this was originally written in 2006 so some of the suppliers may have changed
sparrow at nest site in eaves

Many people recall the cheeky sparrows of the 20th century with fondness, and don't want to see them go. Why there has been a general decline of the sparrow in urban areas is the subject of ongoing study. No single cause has been fingered for the fall in numbers, and indeed it may be due to a combination of factors.

One of the observations that is coming out of the studies is that nestlings are starving in the nest, particularly the later broods. This is because the nestlings are fed on an insect diet, which is not typical of the adult sparrow diet, which is largely grain and seed. The adults are not able to find enough insects to keep the number of nestlings alive needed to replace the sparrows that have died over the year. The population therefore slowly falls over time until the sparrows lose heart and the colony fails.

You can help sparrows with this by providing foods (sunflower hearts are a favourite) and growing native plants and hedges to encourage insects. Sparrows spend many hours chirping together in hedges so preserve any you have. Nesting sites are important too (a 32mm nest box/boxes near the house eaves). They may not immediately use external boxes and often take at least a year before adopting them.

mealworm feeder

For the devoted you can provide live mealworms during the breeding season (May to September). This is exactly what one study is trying out in London to attempt to arrest the decline.

2016 update - the value of feeding mealworms has been substantiated scientifically since this was written. From experience since then you can also use dried mealworms available from places like Wilko - add boiling water to rehydrate them before putting them out. The food brought by the adults is the only source of water for the nestlings until they can fly to water sources.

These are available from pet shops and the cheapest place I have found online is If you have starlings visiting you may need to place these in a cage because mealworms do not last for long with starlings! Blackbirds, dunnocks, wrens and robins also love mealworms. Blackbirds and robins can become quite tame "asking" you for them, particularly if they have young mouths to feed.

The mealworm feeder is available from CJ Wildbird. The steel cage is the "Guardian pack".

Observation shows that areas which have a lot of sparrows in the town are different in character from those with few. Often it is what you don't do which matters as much as what you do. This is summarised in the DEFRA leaflet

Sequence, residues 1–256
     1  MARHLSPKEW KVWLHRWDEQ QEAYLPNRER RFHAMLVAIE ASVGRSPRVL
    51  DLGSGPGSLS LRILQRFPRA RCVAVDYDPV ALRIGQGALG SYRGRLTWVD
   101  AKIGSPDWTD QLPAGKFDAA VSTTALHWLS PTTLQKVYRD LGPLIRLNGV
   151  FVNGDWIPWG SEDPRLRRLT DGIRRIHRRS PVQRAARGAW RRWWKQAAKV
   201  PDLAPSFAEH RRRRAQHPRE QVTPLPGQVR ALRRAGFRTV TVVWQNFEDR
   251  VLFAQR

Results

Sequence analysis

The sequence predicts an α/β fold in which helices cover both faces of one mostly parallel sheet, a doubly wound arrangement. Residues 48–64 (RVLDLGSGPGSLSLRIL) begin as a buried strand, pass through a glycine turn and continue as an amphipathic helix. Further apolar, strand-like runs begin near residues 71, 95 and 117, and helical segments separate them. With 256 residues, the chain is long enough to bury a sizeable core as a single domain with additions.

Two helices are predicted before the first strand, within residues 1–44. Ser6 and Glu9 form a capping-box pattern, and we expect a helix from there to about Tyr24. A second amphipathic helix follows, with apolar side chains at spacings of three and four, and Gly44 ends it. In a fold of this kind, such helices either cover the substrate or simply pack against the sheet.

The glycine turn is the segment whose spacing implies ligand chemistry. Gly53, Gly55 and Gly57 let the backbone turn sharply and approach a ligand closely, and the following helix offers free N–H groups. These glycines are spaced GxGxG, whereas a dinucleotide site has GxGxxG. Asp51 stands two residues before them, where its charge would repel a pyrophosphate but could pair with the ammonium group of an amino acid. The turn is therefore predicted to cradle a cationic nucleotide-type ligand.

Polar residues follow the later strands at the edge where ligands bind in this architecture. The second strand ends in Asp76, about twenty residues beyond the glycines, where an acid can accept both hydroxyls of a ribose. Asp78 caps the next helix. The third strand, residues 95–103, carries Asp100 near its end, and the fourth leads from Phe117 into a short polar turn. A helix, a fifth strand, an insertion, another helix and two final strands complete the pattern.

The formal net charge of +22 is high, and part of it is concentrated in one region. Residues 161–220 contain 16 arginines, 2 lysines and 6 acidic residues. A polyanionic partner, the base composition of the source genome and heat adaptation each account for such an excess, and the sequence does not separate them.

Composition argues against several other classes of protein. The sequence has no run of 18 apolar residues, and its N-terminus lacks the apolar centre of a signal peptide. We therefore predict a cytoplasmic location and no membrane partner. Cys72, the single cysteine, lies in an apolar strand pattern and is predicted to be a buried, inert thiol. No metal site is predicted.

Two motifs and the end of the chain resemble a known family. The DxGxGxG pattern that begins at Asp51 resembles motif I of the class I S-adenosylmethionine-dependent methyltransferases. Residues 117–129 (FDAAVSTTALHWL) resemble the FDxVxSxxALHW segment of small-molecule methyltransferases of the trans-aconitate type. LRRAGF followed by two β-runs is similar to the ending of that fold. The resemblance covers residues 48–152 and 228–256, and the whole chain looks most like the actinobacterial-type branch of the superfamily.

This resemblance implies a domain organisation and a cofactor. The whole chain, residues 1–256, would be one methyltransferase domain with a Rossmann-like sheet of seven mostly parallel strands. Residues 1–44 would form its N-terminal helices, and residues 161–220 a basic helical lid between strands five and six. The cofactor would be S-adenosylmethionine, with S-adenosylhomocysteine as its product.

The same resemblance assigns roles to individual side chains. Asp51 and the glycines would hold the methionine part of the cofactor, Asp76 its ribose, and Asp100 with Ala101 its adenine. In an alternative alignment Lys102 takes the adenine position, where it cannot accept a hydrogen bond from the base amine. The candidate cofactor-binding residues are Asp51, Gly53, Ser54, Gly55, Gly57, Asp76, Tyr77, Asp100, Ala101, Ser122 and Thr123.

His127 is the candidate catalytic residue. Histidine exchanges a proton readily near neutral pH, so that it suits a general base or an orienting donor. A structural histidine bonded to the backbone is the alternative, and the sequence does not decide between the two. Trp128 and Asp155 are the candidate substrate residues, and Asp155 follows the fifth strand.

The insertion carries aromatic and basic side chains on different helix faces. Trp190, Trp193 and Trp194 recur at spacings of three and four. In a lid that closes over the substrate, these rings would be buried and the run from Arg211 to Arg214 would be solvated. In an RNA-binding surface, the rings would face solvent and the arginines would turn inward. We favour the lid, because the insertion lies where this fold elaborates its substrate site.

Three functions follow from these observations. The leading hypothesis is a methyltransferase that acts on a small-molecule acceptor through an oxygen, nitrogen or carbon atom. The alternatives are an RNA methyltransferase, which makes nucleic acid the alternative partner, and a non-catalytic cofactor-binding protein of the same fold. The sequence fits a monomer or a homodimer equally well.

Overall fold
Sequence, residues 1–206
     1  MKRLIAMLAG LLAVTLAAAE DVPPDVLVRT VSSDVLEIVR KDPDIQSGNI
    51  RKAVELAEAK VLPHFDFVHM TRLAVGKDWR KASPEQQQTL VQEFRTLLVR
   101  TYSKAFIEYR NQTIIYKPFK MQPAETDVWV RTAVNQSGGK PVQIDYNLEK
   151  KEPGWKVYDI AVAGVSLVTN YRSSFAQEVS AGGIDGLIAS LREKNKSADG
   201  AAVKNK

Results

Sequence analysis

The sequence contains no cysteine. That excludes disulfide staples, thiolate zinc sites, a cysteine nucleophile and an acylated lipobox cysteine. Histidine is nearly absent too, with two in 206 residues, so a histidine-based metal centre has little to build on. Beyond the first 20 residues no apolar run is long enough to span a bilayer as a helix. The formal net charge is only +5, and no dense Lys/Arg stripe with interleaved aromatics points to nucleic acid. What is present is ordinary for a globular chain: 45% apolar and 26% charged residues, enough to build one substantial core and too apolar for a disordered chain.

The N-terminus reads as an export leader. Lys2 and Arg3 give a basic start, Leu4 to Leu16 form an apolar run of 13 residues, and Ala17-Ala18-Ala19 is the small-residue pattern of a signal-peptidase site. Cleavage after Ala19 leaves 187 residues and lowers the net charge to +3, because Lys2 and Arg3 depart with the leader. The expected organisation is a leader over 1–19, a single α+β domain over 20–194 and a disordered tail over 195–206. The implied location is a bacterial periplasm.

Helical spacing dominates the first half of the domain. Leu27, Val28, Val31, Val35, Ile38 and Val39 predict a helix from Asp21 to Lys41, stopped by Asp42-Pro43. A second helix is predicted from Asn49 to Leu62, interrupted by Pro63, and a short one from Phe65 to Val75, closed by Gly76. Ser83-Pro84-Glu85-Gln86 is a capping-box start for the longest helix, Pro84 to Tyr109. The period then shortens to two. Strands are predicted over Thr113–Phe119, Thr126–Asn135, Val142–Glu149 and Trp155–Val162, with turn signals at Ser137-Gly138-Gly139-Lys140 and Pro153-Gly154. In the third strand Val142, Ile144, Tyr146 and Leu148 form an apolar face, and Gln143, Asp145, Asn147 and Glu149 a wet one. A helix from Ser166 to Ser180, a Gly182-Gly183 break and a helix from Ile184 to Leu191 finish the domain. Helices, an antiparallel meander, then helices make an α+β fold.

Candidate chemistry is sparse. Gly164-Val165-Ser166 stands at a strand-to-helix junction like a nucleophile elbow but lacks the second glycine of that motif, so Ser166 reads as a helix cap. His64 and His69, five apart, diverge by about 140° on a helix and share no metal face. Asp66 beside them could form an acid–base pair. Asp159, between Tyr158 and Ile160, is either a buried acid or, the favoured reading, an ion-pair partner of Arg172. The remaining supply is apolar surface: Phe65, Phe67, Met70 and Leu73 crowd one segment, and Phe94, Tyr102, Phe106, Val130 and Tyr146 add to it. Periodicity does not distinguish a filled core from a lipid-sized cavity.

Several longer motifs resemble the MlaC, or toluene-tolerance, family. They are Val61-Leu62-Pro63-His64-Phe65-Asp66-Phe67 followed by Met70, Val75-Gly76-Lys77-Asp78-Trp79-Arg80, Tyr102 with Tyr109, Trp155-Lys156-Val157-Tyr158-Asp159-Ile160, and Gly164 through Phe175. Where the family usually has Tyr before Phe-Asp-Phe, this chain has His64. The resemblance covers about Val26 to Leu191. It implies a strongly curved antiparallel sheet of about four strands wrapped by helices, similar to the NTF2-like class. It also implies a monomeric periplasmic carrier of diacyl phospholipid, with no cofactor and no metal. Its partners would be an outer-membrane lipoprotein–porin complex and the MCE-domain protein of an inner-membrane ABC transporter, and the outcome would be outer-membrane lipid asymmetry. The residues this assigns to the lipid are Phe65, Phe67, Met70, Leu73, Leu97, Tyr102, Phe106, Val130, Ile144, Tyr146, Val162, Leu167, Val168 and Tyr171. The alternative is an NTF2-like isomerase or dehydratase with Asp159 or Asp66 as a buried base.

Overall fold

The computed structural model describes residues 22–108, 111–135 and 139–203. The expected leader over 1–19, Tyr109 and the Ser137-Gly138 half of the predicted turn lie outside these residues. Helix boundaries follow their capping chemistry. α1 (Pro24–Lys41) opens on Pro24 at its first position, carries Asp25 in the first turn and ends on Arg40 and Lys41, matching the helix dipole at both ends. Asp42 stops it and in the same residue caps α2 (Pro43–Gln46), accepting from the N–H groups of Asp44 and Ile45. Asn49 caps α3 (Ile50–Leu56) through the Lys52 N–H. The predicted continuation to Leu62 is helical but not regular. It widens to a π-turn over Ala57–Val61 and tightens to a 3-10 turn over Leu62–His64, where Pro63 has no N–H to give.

Changes in gardens, however, are probably an important reason for their decline. There are fewer weedy corners for birds to feed in, and there seem to be fewer insects around to feed the chicks. House sparrows also like resting and hiding in old, dense, ivy and other bushes, many of which are disappearing as gardens are 'made-over'. Development of inner-city, 'brownfield', sites may also mean that there are fewer places for the house sparrow to find food.

Like any creature, the sparrow needs a place to be, food to eat and somewhere to breed. Sparrows are more numerous where there is plenty of vegetation and hedges. They aren't fans of decking, or front gardens converted to hard standing for cars, which reduces the availability of food. Cover is an issue for sparrows in the suburban environment, and it is a shame for them that hedges are falling out of favour. One of the things sparrows really like to do is gather in a hedge and get a really good chirp going amongst themselves like this lot in Rendlesham

and these in Ipswich.

Privet hedges used to be a widespread feature of the suburban landscape when councils planted them as boundaries for council houses. Hedges have often been removed to create parking spaces in front gardens. Privet was a particular favourite of sparrows, and provide all year cover as they are evergreen. A number of older gardens in Ipswich have holly hedges which similarly find favour with house sparrows, and I have found two winter roosts in holly trees.

cock sparrow at nest site in eaves

The classic nesting site for sparrows is the eaves of a roof. Unlike squirrels or rats the sparrows don't seem to go into the roof cavity - their nest is usually just under the first tiles/slates or so within a couple of inches of the entrance. Modern building codes mean that the roof is usually inaccessible to sparrows, and it is notable that several respondents to the survey said that sparrows had been nesting in derelict buildings and old commercial buildings and the colony had been eliminated or moved on when the building was demolished or renovated. We're not suggesting you let your roof collapse, but if you do have your roof redone or uPVC soffits and guttering installed then you might want to put up a sparrow nestbox nearby to give your sparrows a place they can call home.

Thanks to Helen for this article from 2006